144. 144.

    Which, as Mack observes, Peter Haining did in his 1993 study. In P. Haining, Sweeney Todd: The Real Story of the Demon Barber of Fleet Street (London: Boxtree, 1993), quoted in Mack, The Wonderful and Surprising History of Sweeney Todd , 149–50, Haining argued these were obvious hints to Todd’s real story and that Dickens was not more explicit out of delicacy towards those relatives of the victims who might have been among his readers. Mack, in ibid., 50, emphatically rejects these speculations, observing that their chief fallacy is that Dickens wrote Martin Chuzzlewitt long before the first instalment of The String of Pearls was issued.

     
  145. 145.

    Ibid., 150.

     
  146. 146.

    Ibid., 40–42.

     
  147. 147.

    Clare, John Clare’s Autobiographical Writings, 132.

     
  148. 148.

    Rymer, Sweeney Todd, 93.

     
  149. 149.

    Richardson, Death, Dissection and the Destitute, 20.

     
  150. 150.

    Rymer, Sweeney Todd, 92.

     
  151. 151.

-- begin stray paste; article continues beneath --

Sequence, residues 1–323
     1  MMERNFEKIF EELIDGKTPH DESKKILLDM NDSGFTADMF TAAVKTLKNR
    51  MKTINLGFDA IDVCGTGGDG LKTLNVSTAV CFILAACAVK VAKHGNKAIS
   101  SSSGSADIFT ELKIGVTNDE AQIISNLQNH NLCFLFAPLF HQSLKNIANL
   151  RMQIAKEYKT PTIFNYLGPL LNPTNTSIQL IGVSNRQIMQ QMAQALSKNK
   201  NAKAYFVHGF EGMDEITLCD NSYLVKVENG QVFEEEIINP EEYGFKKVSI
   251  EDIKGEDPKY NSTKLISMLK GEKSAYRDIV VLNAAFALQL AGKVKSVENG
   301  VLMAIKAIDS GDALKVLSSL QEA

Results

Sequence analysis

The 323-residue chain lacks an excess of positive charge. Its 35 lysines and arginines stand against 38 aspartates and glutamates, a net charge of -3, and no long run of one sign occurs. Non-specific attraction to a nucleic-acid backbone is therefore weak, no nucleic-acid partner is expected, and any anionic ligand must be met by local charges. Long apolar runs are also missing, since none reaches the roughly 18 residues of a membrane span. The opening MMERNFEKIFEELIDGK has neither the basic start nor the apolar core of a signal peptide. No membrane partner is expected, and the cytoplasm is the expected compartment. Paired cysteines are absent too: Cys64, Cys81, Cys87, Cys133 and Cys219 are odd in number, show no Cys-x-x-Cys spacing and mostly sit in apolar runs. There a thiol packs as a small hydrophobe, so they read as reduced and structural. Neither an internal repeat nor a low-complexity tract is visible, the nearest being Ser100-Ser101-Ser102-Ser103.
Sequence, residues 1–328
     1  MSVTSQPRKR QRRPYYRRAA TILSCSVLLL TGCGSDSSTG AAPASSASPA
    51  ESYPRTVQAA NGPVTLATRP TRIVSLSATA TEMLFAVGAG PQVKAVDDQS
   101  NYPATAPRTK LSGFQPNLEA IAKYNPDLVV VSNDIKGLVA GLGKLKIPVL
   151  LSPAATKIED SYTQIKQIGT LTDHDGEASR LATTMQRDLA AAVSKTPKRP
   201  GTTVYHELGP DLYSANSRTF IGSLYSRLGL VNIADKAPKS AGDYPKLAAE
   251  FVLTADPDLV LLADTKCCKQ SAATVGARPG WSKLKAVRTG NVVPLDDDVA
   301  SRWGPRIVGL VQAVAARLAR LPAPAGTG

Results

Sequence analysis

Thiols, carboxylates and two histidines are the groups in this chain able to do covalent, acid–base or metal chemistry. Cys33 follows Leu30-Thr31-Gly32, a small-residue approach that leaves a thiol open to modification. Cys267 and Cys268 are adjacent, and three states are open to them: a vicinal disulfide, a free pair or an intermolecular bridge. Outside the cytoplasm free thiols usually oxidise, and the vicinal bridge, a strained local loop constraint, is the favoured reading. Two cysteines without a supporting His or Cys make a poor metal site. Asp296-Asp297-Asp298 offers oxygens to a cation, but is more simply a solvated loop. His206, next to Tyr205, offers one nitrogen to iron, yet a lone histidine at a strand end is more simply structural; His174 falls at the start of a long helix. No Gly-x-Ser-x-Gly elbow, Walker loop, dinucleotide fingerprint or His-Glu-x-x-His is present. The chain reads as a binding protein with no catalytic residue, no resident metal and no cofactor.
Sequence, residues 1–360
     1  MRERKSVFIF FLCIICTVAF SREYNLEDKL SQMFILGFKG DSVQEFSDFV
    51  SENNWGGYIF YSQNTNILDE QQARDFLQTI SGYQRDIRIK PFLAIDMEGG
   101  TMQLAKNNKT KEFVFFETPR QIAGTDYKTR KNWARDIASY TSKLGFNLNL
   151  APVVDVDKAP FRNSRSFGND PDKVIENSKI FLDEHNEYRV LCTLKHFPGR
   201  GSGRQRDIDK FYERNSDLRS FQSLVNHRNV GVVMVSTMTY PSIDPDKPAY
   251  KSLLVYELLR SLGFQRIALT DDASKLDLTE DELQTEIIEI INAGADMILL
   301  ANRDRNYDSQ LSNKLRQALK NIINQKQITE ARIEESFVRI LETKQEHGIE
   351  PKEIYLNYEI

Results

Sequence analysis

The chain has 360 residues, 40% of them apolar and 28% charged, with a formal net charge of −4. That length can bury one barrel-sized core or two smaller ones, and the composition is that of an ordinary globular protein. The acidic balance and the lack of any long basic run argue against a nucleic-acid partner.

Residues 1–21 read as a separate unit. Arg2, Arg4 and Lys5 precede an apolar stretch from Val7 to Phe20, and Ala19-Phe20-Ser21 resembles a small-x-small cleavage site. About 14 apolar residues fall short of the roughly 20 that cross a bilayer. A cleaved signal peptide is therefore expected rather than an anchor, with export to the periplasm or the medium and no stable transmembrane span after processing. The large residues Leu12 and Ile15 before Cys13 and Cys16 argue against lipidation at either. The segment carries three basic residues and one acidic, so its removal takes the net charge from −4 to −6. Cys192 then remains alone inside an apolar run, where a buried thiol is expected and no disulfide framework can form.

Crone, Violent Victorians, 186.

     
  152. 152.

    Rymer, Sweeney Todd, 176.

     
  153. 153.

    Flanders, The Victorian City, 172.

     
  154. 154.

    The episode, discussed by Flanders, ibid., is reported in Walker, First of a Series of Lectures, 30. The name ‘Black-hole’ may bear connection with a 1756 incident: when the ruler of Bengal captured the city of Calcutta, the Europeans who tried to defend it were imprisoned in the claustrophobic Black Hole, Calcutta’s prison for petty offenders, and about twenty of them died as a consequence of the imprisonment. See ‘Black Hole of Calcutta,’ Encyclopaedia Britannica Online, 2014, http://academic.eb.com/EBchecked/topic/67952/Black-Hole-of-Calcutta.